Various Artists — Saz Power
(Ironhand N003L, 2018, 2LP)
by Henry Schneider, 2018-09-21:
The burning question here is, what is a saz? The saz or bağlama is a member of the family of plucked string, long-necked lutes used in Ottoman classical music, Turkish folk music, Iranian music, Azeri music, Kurdish music, Assyrian music, and Armenian music, and in parts of Syria, Iraq, and the Balkan countries. Since the saz has a centuries-old tradition of wandering bards, as well as predominant in 70s psychedelic Anatolian rock, Turkish musician Demir Kerem Atay (AKA Elektro Hafız) decided to showcase different saz models and modes of playing through different countries on Saz Power. This compilation features musicians from Turkey, Denmark, France, Germany, Poland, and Israel playing either acoustic or electric saz in rock settings. I did not know what to expect before listening to the music. Would it be ethnic music for a limited audience? Or something entirely different? What we have is a mixture of eleven instrumental and vocal tunes based on different Anatolian folk music or contemporary compositions. All are in the rock or psychedelic rock format with drums, bass, electric guitar, organ, and synths supporting the saz. The tunes that impressed me are Elektro Hafiz’ “Lübodisko,” Baba Zula’s “Aşıkların Sözü Kalır (Ironhand Power Version),” Boogie Balagan’s “Istanbul Mahabul,” and Derya Yıldırım & Grup Şimşek’s “Üç Kız Bir Ana.” I especially enjoyed the Baba Zula track, as it reminds me of the Hungarian band Vágtázó Halottkémek (AKA Galloping Coroners), with the song’s trippy psych riffing, sounds of horses, the hypnotic chanting of the song title, and the sense of the horde charging along the steppes. Saz Power is one refreshing listening experience and worthy of investigation.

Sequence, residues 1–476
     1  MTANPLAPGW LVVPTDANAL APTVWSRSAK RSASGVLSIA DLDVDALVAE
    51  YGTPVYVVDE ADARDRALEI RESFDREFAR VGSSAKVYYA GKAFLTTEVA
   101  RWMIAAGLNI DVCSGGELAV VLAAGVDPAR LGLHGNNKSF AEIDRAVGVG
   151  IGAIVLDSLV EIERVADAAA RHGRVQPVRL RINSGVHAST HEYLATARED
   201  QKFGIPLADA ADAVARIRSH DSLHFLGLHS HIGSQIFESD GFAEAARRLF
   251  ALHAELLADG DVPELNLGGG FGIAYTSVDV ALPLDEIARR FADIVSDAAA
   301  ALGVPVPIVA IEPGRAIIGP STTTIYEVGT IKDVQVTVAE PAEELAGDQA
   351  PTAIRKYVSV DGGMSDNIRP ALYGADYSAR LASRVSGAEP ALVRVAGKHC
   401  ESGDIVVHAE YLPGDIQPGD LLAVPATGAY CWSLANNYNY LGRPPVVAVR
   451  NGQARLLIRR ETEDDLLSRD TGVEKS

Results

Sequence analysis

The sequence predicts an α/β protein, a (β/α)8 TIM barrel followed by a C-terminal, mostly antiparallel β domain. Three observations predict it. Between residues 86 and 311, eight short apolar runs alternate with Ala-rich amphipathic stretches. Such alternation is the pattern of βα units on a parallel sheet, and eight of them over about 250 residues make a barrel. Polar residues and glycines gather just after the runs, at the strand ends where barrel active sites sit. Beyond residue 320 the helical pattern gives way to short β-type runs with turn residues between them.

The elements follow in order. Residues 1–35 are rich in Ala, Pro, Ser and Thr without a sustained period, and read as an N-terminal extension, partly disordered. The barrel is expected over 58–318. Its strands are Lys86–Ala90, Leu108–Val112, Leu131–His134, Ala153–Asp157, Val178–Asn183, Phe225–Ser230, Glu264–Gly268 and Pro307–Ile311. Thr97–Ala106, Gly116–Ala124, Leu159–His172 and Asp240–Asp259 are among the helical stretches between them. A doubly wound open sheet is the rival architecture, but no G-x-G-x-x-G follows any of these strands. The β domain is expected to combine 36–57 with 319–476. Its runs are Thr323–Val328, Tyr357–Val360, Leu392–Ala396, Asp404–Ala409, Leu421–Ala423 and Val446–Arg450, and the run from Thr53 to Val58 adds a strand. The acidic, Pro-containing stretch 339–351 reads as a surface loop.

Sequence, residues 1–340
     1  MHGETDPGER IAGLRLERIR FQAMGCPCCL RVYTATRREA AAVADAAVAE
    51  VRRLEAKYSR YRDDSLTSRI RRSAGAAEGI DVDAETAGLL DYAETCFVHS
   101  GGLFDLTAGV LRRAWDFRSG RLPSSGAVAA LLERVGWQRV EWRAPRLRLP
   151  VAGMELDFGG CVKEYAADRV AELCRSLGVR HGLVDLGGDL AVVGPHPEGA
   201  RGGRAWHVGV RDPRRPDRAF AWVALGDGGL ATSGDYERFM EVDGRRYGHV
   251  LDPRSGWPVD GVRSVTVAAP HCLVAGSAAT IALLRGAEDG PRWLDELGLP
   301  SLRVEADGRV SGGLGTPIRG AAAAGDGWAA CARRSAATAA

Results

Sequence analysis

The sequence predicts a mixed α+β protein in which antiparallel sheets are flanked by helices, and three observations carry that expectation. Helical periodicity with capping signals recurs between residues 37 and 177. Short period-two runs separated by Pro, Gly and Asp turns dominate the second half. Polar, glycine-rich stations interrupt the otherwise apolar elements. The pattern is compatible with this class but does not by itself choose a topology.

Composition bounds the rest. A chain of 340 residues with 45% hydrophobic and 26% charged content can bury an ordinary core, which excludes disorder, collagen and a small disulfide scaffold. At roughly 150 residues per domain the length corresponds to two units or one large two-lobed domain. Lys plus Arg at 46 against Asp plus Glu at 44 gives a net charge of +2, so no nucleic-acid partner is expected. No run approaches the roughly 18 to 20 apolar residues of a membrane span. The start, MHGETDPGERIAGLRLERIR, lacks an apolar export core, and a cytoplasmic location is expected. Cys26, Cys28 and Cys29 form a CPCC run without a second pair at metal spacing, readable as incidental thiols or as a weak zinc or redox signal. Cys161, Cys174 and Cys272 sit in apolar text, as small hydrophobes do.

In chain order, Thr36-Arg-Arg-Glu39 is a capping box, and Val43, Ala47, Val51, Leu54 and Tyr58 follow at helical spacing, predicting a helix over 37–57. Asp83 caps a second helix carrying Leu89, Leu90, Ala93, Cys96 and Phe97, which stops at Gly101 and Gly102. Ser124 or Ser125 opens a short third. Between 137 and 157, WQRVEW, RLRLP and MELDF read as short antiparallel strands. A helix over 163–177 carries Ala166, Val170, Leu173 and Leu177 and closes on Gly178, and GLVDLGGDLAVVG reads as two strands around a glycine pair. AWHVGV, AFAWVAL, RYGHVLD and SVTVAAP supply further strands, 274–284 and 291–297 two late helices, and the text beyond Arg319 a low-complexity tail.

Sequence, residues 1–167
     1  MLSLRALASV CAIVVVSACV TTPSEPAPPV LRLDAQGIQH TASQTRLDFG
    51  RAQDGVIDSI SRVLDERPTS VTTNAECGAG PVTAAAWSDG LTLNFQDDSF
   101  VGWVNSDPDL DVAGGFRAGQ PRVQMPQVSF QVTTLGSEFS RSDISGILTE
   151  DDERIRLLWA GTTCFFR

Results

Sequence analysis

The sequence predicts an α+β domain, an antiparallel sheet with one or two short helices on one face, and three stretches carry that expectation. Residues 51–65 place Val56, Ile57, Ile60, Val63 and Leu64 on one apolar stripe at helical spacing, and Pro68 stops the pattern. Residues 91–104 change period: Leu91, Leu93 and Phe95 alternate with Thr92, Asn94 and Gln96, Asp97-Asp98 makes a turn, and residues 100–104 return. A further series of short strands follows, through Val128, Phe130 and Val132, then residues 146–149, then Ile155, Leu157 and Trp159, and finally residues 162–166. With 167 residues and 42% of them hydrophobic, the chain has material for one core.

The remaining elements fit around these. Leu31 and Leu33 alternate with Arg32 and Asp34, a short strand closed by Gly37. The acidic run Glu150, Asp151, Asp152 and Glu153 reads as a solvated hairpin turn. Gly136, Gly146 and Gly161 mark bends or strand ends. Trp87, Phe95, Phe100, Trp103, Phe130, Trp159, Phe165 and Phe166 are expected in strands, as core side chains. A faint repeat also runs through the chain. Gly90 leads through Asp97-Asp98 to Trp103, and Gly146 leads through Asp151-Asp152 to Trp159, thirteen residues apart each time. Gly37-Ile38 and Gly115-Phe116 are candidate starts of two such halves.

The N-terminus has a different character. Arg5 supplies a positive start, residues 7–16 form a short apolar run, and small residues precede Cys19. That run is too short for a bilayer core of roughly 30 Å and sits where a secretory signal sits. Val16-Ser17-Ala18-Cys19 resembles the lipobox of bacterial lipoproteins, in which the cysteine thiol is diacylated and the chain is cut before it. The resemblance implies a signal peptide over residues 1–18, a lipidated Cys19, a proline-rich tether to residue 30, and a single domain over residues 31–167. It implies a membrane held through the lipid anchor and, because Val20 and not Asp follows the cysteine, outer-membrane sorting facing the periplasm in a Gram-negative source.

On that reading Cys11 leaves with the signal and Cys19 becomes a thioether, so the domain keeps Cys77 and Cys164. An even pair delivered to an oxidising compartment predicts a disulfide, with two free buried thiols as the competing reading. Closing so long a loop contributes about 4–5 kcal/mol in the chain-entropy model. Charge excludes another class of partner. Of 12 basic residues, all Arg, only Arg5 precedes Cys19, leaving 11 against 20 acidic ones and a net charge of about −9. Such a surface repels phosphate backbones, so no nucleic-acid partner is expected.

by Jon Davis, 2018-09-21:
I don’t remember anymore when I first discovered the wonders of Turkish psychedelic rock, but it’s stuck with me for a long time. Starting back in the 60s, European and American rockers discovered the sounds of Turkish music, an at the same time, Turkish musicians discovered the power of rock. Of course, in European classical music, there’s a thread going back much further of composers (Haydn, Beethoven, Mozart, and others) who were intrigued by the scales and rhythms of Turkey. The music of India exerted a similar pull in the late 60s, but Turkish music has the advantage of featuring many pieces that don’t run to the lengths of a raga, thus are more immediately accessible. From the Turkish side, there’s so much great music from Cem Karaca, Barış Manço, Erkin Koray, Fikret Kızılok, and more, that it should be no surprise that the quality carries on to the present time. This collection presents 11 tracks featuring one of the iconic Turkish instruments, the saz, in varying contexts by a variety of modern players. There’s a rootsy blues groove with slide guitar and saz from Hudna, a funky electronic piece from MLDVA & Çınar Timur, a psych-jazz workout from Elektro Hafız, a super-tight fusiony piece from Yasak Helva, and more. It’s hard to pick favorites when everything is so good. The balance of instrumental and vocal tunes is good, allowing us to focus on the saz but providing more variety than a purely instrumental collection would. So whether you’re a long-time fan or total newcomer to Turkish music, Saz Power is a welcome release proving that the guitar is not the only instrument that can rock.
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